One formal yet informal resource on campus are your Peer Advocates (PAs). These are students who have been trained through the Counseling Center to act as counselors in the houses. Oftentimes, your PA will reach out to you and other people who live in proximity introducing themselves. They also usually have “PA” written somewhere on their door or a bucket full of candies and other necessities outside their door (picture shown above of bucket post-raid). PAs are a great resource if you want to speak to someone who is also a current student about anything academic and personal. They are a private resource, meaning that they will not share your information with anyone else unless they feel that it needs to be escalated to appropriate authorities. Many of the PAs in the houses have open office hours where you can drop in and just chat about your day; they also make themselves available for appointments and reach out to anyone they think is in distress.
Talk to your RA
One level above the PAs are the Resident Associates (RAs), who are usually graduate students who live in the houses and manage student life. RAs go out of their way to get to know the students they live with, and many of them host house-wide events such barbecues and games with prizes to foster student engagement. If there is an issue you’re not comfortable discussing with another student, you can email or find your RA and ask to speak with them. They are a resource with more authority in the houses, and can help to address your concerns/problems.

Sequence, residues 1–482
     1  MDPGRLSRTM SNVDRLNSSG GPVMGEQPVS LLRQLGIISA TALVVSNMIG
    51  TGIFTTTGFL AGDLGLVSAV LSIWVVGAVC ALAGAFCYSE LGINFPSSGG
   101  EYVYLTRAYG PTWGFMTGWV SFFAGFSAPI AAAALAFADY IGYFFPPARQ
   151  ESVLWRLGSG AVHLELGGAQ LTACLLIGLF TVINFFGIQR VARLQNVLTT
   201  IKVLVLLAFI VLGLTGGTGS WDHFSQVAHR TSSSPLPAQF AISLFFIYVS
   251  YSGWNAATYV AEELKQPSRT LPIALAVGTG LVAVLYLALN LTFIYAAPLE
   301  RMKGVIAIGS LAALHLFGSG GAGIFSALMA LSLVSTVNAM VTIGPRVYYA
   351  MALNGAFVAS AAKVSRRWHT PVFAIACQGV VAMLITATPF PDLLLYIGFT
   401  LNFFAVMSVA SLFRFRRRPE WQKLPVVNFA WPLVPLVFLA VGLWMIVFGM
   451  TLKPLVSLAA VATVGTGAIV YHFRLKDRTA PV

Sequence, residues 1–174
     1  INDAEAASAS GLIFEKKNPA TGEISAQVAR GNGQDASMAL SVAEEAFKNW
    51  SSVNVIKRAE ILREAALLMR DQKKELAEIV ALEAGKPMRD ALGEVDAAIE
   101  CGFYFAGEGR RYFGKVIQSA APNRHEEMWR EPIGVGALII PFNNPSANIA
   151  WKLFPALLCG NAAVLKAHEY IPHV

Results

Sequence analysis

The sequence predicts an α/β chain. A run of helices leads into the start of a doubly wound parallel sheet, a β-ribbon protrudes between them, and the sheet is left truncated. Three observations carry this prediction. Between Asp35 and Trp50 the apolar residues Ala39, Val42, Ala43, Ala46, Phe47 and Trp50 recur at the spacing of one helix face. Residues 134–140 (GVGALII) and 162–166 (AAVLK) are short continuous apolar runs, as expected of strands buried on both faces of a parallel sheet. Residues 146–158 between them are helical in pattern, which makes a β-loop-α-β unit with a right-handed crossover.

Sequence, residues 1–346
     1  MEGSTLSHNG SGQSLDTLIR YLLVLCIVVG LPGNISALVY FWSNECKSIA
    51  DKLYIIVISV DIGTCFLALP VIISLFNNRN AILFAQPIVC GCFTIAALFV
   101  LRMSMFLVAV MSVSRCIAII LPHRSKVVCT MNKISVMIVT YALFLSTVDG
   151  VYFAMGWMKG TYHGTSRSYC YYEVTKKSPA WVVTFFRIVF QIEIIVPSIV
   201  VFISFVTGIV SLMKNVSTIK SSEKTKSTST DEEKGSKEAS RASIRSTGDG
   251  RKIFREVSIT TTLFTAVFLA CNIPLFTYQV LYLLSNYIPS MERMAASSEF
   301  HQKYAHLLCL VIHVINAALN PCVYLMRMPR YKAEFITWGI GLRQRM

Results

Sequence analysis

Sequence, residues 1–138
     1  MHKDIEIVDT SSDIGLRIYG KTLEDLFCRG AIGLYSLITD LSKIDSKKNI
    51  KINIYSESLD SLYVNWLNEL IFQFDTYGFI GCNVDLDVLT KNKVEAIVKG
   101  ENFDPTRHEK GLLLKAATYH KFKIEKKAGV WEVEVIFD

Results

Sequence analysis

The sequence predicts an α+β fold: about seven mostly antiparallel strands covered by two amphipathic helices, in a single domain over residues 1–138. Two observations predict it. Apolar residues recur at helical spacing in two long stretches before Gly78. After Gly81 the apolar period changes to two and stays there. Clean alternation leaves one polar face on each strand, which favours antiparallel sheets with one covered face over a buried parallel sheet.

Seek out official resources
There are many official resources on campus that can help you take care of yourself at Caltech. For academic concerns, there is a widespread Peer Tutor program where students who previously received a high grade in a class are paid by Caltech to tutor their peers in the subject. You can request a tutor (free of charge to you) and get help on the classes that you’re struggling with. Additionally, you can discuss academic issues with the Dean’s Office at Caltech. If you need help keeping up with a class, the Deans can guide you in the right direction for handling the problem.
If you want to speak with someone to manage your wellbeing, the Student Wellness Services are a great resource for access to professional counselors. Their website is here, and it provides instructions for scheduling an appointment and meeting with a counselor. If your issue is beyond the scope of their services, they have a network of outside counselling referrals in the Pasadena area. Student Wellness offers a variety of other services as well. One of the most popular resources are the weekly workshops and groups offered in topics such as meditation, building better habits, amongst others. You can see a list of the different offerings in the previous link.
So, those are a few ways to take care of yourself while you’re at Caltech. Wellness is an individual definition, and just as we make sure to eat and sleep to take care of our bodies, we also need to do the same with our minds. Don’t ever be afraid to seek out help if you need it. The various resources are there to help guide you on your Caltech journey and for you to use them when you need it. I hope you enjoy your time here and have lots of fun!